Congressional leaders gave the Alzheimer’s and dementia communities an early holiday present this week, announcing an additional $350 million annual appropriation for research into the diseases.
The increase, which was approved by the House on Tuesday afternoon, must still be approved by the Senate and signed by President Trump. It would bring the annual appropriations for dementia research up to $2.8 billion, a 600 percent increase since 2011 when Congress adopted the National Alzheimer’s Project Act.
Robert Egge, the chief public policy officer for the Alzheimer’s Association, thanked the thousands of advocates who worked to build relationships with members of Congress and urge them to increase the federal funding for Alzheimer’s research.
“We are incredibly grateful to congressional champions for their support and we are proud of the relationships our advocates have built with all members of Congress to demonstrate the need for research and the impact it will have on their families and future generations,” Egge said.
In a presentation at the recent Clinical Trials on Alzheimer’s Disease (CTAD) conference in San Diego, Eliezer Masliah, Director of the Division of Neuroscience at the National Institute on Aging (NIA), which is responsible for spending the federal funding, said that the growing support from Congress opens many new possibilities for research into treatment and a cure for Alzheimer’s and other dementias.
Masliah told Science Magazine that the funding boost represents a “golden era” for studying Alzheimer’s disease. “I’ve been in this field for over 30 years and I’ve never seen anything like this,” he said.
But at the CTAD conference, Masliah admitted that the Alzheimer’s research community has a long way to go.
“If you compare the number of clinical trials in cancer, cardiovascular disease, HIV,” he said, “you can see that we are still at a very early stage [for Alzheimer’s].”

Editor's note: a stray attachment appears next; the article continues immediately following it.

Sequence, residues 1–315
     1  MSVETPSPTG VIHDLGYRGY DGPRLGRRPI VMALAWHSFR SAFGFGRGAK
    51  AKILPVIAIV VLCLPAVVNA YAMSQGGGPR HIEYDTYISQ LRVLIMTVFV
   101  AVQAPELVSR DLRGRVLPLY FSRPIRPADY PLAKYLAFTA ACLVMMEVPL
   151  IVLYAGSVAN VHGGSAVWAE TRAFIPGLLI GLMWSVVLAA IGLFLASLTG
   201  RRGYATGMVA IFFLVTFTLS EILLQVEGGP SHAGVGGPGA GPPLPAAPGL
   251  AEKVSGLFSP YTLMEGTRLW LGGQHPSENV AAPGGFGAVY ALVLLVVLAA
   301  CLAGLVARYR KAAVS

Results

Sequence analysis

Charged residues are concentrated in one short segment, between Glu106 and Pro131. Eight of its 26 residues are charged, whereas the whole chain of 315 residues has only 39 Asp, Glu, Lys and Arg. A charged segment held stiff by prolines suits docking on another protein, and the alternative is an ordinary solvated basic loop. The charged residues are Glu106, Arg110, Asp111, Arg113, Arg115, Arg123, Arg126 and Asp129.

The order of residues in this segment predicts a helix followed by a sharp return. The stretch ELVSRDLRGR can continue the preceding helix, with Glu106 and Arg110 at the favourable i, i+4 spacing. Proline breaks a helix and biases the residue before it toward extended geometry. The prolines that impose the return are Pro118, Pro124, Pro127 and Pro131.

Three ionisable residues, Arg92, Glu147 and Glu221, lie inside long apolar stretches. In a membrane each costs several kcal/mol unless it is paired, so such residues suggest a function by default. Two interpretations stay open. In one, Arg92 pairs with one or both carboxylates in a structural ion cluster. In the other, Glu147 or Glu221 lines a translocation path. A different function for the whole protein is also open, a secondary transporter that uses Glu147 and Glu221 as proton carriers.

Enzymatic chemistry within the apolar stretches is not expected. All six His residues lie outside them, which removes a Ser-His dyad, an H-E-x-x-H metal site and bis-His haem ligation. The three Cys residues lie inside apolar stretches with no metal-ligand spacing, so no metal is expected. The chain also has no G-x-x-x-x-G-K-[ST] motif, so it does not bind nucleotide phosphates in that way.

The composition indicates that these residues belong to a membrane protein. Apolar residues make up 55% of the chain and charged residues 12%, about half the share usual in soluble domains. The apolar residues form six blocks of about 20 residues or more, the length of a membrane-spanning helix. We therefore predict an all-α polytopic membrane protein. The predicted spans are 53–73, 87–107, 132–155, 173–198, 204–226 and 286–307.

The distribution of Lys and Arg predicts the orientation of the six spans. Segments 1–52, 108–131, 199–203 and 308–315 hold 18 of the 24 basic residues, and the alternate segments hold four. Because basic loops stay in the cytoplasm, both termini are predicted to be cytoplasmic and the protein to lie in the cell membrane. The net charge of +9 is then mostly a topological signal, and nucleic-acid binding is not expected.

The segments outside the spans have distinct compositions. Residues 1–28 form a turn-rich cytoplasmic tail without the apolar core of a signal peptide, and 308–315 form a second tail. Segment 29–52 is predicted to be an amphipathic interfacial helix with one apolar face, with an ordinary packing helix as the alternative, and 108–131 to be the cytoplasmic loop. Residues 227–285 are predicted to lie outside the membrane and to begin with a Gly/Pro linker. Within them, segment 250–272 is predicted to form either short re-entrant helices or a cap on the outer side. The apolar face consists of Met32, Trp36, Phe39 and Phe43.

In cancer, for example, Masliah said that there are approximately 3,000 clinical trials in the field. For cardiovascular research, he said, there are approximately 500. Clinical trials on HIV number about 100.
“In Alzheimer’s, we have an average of 50 to 60 clinical trials,” he said.
In November, the Alzheimer’s Association also announced another funding milestone when philanthropist Bill Gates pledged $10 million to Alzheimer’s research. It’s a figure the Alzheimer’s Association said will lead to $60 million funding for the association’s special research. That research is designed to quickly move potential therapies from the laboratory to clinical trials.
The Association said the new funds would be used to explore three specific areas: how brain cells use energy and fuel, how brain cells remove waste and debris to avoid protein clumping, and how blood supply in the brain is maintained.
“By better understanding the underpinnings of how brain cells can maintain normal function, more potential therapeutic options can be developed,” said Maria Carrillo, the Association’s chief science officer.